Dreams dashed at varsity gates
Tens of thousands of young people hungry for a chance at tertiary education will miss out this year - more than 180000 of them will be turned away from the country's nine top universities.
This despite Minister of Higher Education Blade Nzimande promising last year that space would be made for 180000 first-years in 2012.
At the University of Johannesburg alone, about 74000 would-be students will be turned away.
Yesterday, first-year hopefuls queued outside the university from the early hours of the morning, hoping to submit late applications. With only 11000 first-year places available, the university processed 85000 applications last year.
The situation is similar at universities across the country, which would leave about 183000 prospective students without a chance to further their education this year.
- Wits University, Johannesburg, which has 5500 spaces for first-years, received 30000 applications;
- The University of KwaZulu-Natal, which processed 61500 applications, can admit only 9000 first-years;
- The University of the Free State received 13000 applications but can admit only 4000;
- The University of Pretoria, which can admit only 13000 first-year students, received 35000 applications;
- About 30000 applications were received by Tshwane University of Technology for this year but only 8000 places are available;
- Nelson Mandela Metropolitan University, in Port Elizabeth, received 30141 applications for first-year study. Only 5472 students were accepted;
- About 26000 students applied for a first-year place at the University of Cape Town, which has 4000 places; and
- Stellenbosch University received 12000 applications. It could not provide a figure for those accepted but last year the figure was only 4700.
Thousands of hopefuls braved the weather from the early hours of yesterday and waited in queues to submit late applications at the University of Johannesburg.
Dumisani Mngomezulu, 20, from Tsakane, on the East Rand, brought his blanket and queued from midnight on Sunday hoping to get a space to study for an accountancy degree.
"Fortunately I managed to submit my application before they started turning people away," he said.
Other students, such as 19-year-old Siboniso Ntombela, travelled all the way from Newcastle, KwaZulu-Natal.
Impatient students forced their way through two entrances at the university's Bunting Road campus yesterday but no major disruptions were reported.
Professor Marie Muller, the university's registrar, said: "The planned intake of first-years is 11000, subject to the number of returning senior students.
"We will therefore register the senior students first [from January 23] followed by the first-year undergraduate registration that begins on January 30. On-line registration will be available on January 16."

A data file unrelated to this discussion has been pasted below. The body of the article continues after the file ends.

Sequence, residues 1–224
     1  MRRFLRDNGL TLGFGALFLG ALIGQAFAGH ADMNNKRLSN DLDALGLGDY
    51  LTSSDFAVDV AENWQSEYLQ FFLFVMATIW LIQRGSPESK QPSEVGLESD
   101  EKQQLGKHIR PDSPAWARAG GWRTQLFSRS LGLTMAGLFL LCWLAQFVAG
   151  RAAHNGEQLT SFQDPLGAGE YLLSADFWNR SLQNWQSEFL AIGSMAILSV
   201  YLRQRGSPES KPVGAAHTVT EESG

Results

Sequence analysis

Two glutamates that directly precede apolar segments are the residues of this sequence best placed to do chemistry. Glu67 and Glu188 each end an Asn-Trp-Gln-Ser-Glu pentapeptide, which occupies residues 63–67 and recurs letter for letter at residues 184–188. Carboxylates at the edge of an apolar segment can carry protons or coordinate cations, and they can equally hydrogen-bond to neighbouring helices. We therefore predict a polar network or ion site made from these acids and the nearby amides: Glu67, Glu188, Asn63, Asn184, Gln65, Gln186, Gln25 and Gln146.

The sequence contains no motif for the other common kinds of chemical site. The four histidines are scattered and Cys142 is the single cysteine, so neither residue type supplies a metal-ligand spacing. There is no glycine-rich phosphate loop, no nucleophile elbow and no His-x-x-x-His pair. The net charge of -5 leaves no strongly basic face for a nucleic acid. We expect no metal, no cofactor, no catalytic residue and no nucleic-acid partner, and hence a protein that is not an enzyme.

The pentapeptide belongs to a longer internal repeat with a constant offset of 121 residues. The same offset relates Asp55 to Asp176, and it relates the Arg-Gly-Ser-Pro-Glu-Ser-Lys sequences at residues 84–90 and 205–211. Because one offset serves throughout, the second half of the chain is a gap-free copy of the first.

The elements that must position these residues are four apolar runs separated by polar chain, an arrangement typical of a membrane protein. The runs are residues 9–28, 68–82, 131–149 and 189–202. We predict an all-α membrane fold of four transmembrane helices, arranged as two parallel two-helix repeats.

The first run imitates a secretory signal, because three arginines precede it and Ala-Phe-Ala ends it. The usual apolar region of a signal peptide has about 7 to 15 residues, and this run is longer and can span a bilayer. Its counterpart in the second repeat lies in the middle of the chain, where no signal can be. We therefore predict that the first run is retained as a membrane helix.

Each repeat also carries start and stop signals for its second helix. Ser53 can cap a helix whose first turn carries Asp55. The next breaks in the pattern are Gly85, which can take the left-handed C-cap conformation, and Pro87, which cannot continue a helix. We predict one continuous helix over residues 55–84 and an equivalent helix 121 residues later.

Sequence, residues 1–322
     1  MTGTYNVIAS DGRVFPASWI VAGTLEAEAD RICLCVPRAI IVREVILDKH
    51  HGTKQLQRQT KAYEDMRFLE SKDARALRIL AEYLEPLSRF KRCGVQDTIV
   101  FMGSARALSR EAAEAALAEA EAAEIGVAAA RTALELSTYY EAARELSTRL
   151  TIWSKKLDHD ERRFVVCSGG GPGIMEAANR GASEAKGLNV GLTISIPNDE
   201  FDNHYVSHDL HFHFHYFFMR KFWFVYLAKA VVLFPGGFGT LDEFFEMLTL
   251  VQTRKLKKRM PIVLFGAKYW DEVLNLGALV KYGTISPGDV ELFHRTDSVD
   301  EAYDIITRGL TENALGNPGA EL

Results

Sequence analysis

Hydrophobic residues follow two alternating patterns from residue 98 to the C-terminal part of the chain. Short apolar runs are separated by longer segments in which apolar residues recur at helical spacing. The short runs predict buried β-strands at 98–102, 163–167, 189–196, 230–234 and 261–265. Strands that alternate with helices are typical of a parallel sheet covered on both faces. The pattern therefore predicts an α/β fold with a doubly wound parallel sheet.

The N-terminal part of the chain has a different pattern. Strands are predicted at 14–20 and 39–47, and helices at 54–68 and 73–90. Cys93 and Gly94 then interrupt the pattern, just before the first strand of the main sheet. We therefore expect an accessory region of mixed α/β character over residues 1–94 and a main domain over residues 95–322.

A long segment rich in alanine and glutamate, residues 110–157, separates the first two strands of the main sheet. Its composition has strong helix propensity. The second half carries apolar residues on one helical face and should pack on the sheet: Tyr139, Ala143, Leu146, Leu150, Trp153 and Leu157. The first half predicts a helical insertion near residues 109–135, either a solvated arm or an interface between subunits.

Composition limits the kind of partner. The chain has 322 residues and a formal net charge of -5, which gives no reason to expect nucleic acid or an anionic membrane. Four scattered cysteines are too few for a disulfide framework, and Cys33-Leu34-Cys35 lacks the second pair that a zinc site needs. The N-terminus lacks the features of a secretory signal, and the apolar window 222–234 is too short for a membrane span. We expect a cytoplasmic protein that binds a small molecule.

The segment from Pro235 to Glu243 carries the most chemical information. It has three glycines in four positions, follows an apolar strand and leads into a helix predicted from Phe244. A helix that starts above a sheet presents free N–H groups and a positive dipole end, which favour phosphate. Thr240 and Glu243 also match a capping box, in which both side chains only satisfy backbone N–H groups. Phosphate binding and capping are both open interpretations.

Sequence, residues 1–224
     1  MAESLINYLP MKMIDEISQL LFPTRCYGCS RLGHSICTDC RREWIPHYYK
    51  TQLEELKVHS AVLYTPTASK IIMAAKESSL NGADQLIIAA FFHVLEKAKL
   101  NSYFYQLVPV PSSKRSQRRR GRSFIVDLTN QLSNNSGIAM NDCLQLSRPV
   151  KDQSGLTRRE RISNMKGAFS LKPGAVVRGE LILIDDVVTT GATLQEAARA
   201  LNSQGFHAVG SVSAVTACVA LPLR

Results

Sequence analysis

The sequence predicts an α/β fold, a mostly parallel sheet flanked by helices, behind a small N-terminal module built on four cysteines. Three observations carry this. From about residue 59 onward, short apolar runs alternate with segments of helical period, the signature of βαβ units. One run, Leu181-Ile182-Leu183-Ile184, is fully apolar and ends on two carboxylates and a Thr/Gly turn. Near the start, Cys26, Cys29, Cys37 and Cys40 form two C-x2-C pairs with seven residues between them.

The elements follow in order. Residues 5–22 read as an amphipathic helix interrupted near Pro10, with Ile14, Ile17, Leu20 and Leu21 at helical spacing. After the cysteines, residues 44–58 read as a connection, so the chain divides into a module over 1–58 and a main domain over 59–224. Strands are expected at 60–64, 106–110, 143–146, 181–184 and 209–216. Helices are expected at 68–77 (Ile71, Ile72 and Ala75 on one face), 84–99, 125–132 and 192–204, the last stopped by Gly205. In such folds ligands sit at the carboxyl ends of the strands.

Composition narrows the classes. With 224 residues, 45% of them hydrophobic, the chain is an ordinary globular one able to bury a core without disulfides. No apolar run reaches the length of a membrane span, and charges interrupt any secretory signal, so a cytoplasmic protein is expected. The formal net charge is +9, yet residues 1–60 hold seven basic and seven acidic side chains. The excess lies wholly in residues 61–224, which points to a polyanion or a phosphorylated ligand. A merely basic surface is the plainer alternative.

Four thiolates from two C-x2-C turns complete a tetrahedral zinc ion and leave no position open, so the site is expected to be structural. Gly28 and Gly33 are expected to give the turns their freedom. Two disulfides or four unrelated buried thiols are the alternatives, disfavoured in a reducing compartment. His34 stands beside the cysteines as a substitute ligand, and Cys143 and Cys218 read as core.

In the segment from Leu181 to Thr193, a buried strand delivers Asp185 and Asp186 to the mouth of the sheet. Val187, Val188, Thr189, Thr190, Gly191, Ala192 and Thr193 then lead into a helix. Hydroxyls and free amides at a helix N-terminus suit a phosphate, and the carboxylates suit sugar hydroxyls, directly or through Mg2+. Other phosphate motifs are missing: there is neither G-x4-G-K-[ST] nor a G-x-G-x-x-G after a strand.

Professor Jonathan Jansen, the University of the Free State's rector and vice-chancellor, said the university had 500 fewer first-year places available than last year but the university will intensify its recruitment campaign for next year.
Tshwane University of Technology spokesman Willa de Ruyter said most of the students who registered on time had been admitted and about 1000 places were still available.
Roslyn Baatjies, spokesman for Nelson Mandela Metropolitan University, said close to 4000 applications were still to be finalised and about 2200 applicants had been referred for admissions testing.
Carl Herman, director of admissions at the University of Cape Town, said the university did not accept late applications and no places had been created for this year.
"Many factors have to be considered before a university can increase the number of places - the student-teacher ratio, lecture theatre capacity, the availability of housing, and the capacity of other facilities, such as laboratories, libraries and counselling services," he said.
Doron Isaacs, coordinator of the non-government organisation Equal Education, said: "We know from the experiences of our membership that there are many students being turned away because there aren't sufficient places and it's a source of concern.
"We feel that some institutions are not doing enough to recruit students from township schools," said Isaacs.
Professor Kobus Maree, of the University of Pretoria's educational psychology department, said he was "baffled" as to why several universities are left to deal with long queues every year.
He said young people who queue for admission to a general BA course would receive a better education at a further education and training college, which would equip them to exploit the scarcity of skills in engineering, and the natural and physical sciences.